Nance, author of the recently released “Defeating Isis: Who They Are, How They Fight, What They Believe,” his encyclopedic fourth book, told the journalists, “We allow ISIS to frame the narrative because it’s sexy,” reporting on suicide bombings and the like. “But in doing so, 1.6 billion Muslims’ words are muffled. You need to listen to the Muslims.”

To really get under ISIS members’ skin, call them “Khawarij,” he said, the name of the first Islamic cult and one that the Prophet Muhammad warned about.

After Gray Case, a Minus for National Media

I lost a lot of respect for the national media, while I gained some for local TV,” David Zurawik, television critic for the Baltimore Sun, wrote Friday under the headline, “Hard lessons learned in the year after Gray’s death.”

“I came to realize there are news outlets so ideologically oriented they might be beyond redemption. I still value — more than anything else — presenting audiences with factual information, but I am no longer sure that doing so is doing enough.

“One year after the death of Freddie Gray, these are some of the things I learned from the countless hours of coverage I watched as well as the more than 50 print articles and online posts I reported and wrote since the two citizen videos of Freddie Gray being arrested first tore through the media ecosystem.

“My disappointment with network and cable TV coverage started early in the week of peaceful protests following Gray’s death. Only CNN was in Baltimore with any serious coverage, and that ended when the workday concluded Friday, April 24, and the correspondents and camera crews went home.

“Unfortunately, civil unrest and news don’t work 9-to-5 weekday shifts. When violence broke out in downtown Baltimore late Saturday, April 25, virtually no one from national TV was there to bear witness and share the pictures with the rest of the world. CNN was absorbed in empty-headed coverage of the White House Correspondents’ Dinner.

“Once rioting started on the afternoon of Gray’s funeral two days later, all the major media outlets came to town, of course, but it didn’t make for better coverage.

“In fact, much of it was worse, especially on Fox News, with correspondents like Geraldo Rivera sizing up residents he saw on the streets and saying: ‘It seems they want trouble.’ . . .”

Story on Catholic Trafficking in Slaves Strikes Chord

A front-page story in the New York Times Sunday about Georgetown University’s ties to slavery has received “dozens and dozens of responses” as the newspaper attempts to locate the descendants of 272 men, women and children who were sold by Jesuit priests to help finance the university.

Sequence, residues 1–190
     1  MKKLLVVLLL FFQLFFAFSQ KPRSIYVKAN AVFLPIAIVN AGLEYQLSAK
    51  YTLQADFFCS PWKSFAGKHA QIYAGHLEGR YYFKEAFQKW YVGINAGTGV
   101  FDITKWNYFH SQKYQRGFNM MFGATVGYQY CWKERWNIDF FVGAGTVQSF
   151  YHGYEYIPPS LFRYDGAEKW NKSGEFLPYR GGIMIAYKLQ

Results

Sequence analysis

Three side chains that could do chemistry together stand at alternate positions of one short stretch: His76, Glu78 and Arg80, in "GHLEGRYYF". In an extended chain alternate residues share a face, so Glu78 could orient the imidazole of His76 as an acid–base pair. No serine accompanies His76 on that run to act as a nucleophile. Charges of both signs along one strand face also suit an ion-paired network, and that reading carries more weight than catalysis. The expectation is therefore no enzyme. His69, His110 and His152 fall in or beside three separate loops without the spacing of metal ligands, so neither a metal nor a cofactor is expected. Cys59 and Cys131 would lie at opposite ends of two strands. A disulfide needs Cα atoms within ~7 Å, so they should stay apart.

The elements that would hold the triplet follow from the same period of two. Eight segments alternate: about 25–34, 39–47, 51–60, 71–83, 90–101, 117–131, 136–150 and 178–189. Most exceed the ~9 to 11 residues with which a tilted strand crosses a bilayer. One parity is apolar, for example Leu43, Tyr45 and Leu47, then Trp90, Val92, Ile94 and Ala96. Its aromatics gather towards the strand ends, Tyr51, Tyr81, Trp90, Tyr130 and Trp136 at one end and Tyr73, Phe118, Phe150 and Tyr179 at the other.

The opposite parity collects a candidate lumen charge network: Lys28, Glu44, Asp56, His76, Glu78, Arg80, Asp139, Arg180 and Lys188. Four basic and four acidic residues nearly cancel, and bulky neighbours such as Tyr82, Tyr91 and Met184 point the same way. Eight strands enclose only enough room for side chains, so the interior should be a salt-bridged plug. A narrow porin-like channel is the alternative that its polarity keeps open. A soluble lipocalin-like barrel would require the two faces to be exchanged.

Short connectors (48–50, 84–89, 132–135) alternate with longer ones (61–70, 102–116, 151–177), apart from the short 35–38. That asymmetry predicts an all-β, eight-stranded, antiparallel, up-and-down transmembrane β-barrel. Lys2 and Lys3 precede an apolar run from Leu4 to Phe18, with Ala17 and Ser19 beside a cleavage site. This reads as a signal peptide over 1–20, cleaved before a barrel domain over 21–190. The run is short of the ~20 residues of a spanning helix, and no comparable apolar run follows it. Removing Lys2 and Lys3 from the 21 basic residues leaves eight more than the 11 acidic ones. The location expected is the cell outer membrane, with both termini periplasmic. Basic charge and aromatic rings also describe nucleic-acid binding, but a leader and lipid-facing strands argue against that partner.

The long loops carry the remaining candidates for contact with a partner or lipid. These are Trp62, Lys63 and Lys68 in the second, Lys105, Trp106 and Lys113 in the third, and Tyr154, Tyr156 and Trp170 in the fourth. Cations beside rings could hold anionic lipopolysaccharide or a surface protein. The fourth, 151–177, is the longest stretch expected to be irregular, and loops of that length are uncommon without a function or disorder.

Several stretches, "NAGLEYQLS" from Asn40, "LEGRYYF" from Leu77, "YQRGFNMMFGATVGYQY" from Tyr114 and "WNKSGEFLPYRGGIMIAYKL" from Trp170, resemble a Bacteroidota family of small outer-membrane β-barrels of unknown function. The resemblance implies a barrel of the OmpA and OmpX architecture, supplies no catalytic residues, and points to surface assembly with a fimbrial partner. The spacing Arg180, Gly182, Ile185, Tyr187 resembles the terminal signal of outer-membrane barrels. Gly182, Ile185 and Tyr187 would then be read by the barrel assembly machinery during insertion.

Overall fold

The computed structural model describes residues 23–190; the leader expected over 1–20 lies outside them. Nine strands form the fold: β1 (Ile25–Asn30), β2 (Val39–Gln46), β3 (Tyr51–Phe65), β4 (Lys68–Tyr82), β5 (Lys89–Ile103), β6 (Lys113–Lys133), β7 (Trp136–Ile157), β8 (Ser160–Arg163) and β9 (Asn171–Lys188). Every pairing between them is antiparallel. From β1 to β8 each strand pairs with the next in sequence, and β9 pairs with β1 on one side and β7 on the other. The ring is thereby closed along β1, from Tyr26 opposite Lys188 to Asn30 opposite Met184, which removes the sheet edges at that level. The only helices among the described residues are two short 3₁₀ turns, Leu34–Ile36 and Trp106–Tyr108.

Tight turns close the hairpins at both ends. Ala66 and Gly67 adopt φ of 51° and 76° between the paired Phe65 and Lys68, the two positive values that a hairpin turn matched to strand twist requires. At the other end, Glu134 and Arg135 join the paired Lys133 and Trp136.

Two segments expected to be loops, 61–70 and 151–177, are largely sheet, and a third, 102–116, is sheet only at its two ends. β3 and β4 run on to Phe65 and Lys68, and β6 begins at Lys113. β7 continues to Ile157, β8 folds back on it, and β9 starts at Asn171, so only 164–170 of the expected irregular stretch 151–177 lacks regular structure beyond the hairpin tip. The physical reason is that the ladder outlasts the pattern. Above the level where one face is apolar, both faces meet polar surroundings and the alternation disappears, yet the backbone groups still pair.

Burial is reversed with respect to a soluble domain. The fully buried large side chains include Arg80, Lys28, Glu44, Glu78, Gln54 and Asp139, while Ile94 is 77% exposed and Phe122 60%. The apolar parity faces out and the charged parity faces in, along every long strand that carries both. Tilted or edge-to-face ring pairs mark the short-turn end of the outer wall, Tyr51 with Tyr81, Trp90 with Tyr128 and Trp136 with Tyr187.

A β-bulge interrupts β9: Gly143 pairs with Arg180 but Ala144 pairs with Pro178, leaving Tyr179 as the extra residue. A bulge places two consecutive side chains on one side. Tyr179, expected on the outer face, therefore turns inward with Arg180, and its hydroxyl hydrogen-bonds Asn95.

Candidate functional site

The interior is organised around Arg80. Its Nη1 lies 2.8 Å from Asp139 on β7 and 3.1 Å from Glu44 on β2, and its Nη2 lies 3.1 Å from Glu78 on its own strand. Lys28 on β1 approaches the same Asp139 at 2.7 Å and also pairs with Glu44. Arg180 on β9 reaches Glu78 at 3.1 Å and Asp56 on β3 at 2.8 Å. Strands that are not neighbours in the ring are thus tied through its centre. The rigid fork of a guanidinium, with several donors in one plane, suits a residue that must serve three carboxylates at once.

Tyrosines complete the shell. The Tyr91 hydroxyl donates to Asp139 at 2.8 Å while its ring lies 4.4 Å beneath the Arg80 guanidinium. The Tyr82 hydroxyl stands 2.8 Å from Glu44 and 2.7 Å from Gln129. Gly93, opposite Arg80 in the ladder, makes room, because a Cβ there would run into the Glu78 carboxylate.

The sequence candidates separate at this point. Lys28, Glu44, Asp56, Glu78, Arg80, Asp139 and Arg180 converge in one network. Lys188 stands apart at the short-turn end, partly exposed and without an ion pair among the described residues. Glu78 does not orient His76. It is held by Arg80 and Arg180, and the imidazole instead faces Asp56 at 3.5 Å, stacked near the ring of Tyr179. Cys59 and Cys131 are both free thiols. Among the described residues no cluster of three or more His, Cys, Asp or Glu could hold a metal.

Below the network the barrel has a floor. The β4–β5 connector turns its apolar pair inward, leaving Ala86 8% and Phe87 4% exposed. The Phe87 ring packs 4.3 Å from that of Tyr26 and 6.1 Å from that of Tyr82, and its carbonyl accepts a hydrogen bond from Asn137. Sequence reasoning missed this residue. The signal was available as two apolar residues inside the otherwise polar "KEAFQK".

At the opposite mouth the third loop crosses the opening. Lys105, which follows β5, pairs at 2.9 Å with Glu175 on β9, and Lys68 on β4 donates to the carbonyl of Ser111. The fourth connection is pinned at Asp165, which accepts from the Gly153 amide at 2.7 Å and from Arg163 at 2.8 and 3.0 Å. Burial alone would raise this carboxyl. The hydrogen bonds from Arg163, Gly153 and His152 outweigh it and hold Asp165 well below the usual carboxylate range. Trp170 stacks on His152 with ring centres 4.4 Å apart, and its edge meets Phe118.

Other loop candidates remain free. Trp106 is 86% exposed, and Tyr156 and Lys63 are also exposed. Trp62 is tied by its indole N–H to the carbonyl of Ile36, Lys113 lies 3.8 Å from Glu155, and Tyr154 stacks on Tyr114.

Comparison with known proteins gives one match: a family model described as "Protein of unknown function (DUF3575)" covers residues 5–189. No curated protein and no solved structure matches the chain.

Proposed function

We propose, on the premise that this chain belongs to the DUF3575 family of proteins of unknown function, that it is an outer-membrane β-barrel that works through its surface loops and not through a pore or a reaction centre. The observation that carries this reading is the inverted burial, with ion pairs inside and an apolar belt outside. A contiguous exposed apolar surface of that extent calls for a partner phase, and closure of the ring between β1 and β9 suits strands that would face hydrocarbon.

Rachel Swarns, author of the prominently displayed article, made the statement Tuesday on “The Diane Rehm Show” on Washington’s WAMU-FM, which is transmitted nationally by NPR. “It’s quite staggering and upsetting” for the descendants, Swarns said. “And it’s quite a lot to get a phone call from someone and learn that your ancestors were owned by priests and sold to benefit such a prominent institution.”

On the other hand, she said, because records of black people before the Civil War were poorly kept, “some people are hungry for this information.” The Times is also seeking those related to the priests.

Craig Steven Wilder, author of the 2013 book “Ebony & Ivy: Race, Slavery, and the Troubled History of America’s Universities,” said on the program that the history of the Jesuit plantations includes whipping pregnant women and “paying very little attention to the spiritual lives of the enslaved.”

Swarns wrote in her story, “Now, with racial protests roiling college campuses, an unusual collection of Georgetown professors, students, alumni and genealogists is trying to find out what happened to those 272 men, women and children. And they are confronting a particularly wrenching question: What, if anything, is owed to the descendants of slaves who were sold to help ensure the college’s survival?

“More than a dozen universities — including Brown, Columbia, Harvard and the University of Virginia — have publicly recognized their ties to slavery and the slave trade. But the 1838 slave sale organized by the Jesuits, who founded and ran Georgetown, stands out for its sheer size, historians say.